Fantasia: Live In Tokyo


These days, band reunions come in all shapes, sizes, and configurations. The most coveted reunion of all, however, is when all the original members put aside any divisive issues and reconvene – be it for money, sentiment, closure or just plain boredom. Recent reunions of the Police and Genesis had been in the cards for months, if not years, whereas reuniting the original members of Van Halen or Guns N' Roses wavers somewhere between inevitability and highly unlikely. When the original players of Asia came together in 2006, it was strictly a matter of timing. Coinciding with the 25th anniversary of their debut album, it probably didn't take much prodding to reunite Steve Howe, John Wetton, Geoff Downes and Carl Palmer. For all the pomp and pretentiousness attached to their brand of progressive rock, these guys checked their egos at the door a long time ago. And so it follows that to properly celebrate the reunion, the requisite CD/DVD set is almost a given. Taking note, Asia has delivered with Fantasia: Live In Tokyo.

Granted, the Asia reunion hasn't generated the frenzy surrounding the Police or Genesis, but Howe, Wetton, Downes and Palmer can still play circles around most of the competition. What makes their reunion (and the new CD and DVD) much more special is their open and honest acknowledgement of life before Asia. So while the group abounds in hits like "Only Time Will Tell," "Heat Of The Moment" and "The Smile Has Left Your Eyes," the real meat of the Asia shows is in the Yes, King Crimson, ELP and The Buggles songs added to the program. Wetton, in particularly, rises to the occasion with electrifying vocals on "Roundabout," "Video Killed The Radio Star" and "In The Court Of The Crimson King," which he didn't originally sing as a member of King Crimson.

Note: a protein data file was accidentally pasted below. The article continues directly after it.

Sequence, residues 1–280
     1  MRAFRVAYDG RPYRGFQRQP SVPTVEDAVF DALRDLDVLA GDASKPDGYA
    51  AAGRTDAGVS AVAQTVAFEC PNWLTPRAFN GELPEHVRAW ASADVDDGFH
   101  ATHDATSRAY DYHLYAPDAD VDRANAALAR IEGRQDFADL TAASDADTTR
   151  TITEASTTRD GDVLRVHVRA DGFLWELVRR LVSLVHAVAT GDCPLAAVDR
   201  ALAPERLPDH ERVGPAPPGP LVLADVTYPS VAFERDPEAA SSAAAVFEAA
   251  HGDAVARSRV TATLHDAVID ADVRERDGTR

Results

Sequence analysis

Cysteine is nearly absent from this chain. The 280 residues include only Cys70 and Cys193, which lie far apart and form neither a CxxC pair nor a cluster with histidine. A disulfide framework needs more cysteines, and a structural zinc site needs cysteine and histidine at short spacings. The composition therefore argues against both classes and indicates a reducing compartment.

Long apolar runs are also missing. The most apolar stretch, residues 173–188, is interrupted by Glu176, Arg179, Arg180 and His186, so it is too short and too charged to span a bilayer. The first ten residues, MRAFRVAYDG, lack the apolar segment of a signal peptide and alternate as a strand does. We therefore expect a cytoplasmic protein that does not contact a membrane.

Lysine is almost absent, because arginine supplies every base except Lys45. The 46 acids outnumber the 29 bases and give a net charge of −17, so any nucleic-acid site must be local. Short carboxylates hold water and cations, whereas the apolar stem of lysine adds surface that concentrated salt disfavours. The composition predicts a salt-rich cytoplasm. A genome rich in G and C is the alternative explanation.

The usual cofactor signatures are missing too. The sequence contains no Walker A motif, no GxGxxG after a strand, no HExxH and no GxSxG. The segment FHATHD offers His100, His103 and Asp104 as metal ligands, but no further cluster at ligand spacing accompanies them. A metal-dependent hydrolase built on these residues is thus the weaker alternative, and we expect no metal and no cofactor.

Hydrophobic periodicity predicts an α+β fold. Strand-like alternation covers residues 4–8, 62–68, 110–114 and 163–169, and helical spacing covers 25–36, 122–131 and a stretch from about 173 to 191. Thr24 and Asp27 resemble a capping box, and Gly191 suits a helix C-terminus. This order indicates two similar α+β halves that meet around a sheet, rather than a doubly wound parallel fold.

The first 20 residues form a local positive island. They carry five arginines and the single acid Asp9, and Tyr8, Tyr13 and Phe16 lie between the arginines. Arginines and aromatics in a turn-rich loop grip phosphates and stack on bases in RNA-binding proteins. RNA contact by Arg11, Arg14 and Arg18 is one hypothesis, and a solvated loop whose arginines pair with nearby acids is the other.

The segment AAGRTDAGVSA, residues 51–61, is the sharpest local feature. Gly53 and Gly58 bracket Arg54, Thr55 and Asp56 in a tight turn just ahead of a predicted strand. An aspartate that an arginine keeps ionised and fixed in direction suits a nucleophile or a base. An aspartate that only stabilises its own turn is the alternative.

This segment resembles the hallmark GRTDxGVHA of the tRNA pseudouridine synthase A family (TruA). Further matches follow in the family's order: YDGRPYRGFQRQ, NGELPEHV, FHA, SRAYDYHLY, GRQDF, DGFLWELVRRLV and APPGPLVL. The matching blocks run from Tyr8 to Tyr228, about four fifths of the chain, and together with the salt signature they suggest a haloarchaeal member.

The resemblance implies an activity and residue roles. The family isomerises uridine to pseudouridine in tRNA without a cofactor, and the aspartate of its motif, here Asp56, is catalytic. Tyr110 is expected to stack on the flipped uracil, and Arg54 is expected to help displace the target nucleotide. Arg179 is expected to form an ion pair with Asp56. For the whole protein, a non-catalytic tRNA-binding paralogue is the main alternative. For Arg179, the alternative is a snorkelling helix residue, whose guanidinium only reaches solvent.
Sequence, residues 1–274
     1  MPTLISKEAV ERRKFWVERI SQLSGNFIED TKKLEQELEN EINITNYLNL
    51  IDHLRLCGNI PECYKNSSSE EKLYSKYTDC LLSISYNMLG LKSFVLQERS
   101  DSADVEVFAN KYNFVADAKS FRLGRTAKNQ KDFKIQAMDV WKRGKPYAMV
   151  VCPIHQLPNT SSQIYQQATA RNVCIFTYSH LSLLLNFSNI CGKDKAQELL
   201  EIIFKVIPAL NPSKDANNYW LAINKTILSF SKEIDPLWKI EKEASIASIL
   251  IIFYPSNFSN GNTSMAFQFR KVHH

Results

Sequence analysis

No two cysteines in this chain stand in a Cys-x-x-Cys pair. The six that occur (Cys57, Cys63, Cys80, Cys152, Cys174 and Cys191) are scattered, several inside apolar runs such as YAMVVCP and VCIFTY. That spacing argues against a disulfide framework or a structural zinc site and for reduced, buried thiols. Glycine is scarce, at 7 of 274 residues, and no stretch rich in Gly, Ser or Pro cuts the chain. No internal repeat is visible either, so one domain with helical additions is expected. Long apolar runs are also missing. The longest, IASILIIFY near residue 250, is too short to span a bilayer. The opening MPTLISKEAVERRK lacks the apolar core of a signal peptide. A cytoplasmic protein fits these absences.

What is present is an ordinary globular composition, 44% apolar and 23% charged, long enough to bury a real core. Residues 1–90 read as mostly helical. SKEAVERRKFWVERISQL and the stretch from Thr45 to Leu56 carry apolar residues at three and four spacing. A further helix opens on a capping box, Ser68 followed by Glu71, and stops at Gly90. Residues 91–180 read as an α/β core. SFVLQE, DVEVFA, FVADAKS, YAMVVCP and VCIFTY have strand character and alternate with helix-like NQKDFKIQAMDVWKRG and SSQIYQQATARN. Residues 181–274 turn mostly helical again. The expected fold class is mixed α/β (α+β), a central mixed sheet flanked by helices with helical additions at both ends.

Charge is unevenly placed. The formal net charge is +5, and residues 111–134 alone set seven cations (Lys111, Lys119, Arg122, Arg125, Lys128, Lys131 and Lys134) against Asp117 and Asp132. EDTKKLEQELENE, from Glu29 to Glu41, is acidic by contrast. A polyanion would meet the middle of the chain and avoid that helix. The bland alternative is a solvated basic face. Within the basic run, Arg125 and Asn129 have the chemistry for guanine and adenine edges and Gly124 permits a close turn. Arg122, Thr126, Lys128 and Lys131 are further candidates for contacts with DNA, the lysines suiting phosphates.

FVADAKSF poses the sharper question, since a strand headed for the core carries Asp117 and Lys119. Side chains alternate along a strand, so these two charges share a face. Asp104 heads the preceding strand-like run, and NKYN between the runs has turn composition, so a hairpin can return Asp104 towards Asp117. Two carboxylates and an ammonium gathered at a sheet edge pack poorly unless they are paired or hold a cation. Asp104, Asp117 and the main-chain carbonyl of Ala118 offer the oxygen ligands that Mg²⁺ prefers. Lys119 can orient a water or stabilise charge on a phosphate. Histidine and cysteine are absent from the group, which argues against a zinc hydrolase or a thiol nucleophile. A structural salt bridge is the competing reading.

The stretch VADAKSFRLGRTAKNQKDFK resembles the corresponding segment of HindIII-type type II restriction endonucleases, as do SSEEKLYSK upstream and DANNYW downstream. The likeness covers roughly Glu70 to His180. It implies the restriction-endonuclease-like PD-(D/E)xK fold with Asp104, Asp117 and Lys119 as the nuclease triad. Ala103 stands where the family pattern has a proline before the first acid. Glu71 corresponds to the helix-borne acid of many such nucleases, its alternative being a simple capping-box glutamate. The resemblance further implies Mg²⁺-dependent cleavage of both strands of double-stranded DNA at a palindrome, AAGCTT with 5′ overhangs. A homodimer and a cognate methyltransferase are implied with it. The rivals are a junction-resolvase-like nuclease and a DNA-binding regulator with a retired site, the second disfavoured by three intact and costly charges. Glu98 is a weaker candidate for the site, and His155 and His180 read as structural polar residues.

Another small, yet significant matter that makes this particular performance in Tokyo unique is the fact that the original lineup in its heyday never made it to the Far East. In 1983, just as they were preparing to play the overly hyped Asia In Asia concert in Japan, the first concert broadcast over satellite to MTV in the U.S., Wetton headed for the hills. Greg Lake, an interchangeable peer, stepped in at the last minute for a one-time performance. By the time Wetton returned to the fold, Howe had left and the original Asia was left for dead for the next 25 years. Obviously, for anyone who may have felt betrayed by the circumstances surrounding the 1983 Tokyo concert, this show at Shinjuku Koseinenkin Hall must restore some fragrance of emancipation. But that's only if you really care about such things.

In addition to faithful renditions of every song from the self-titled debut, "The Smile Has Left Your Eyes" and "Don't Cry," from the second album Alpha are presented as barebones acoustic numbers, adding yet another subtle dimension. For a group known for balancing the thin line between overt commercialism and progressive affectation, just about any unexpected turnabout earns a few brownie points. With the live CD and companion DVD in the can, fans can only hope the four will have the stamina to record a new album and reassert their primacy.

~ Shawn Perry

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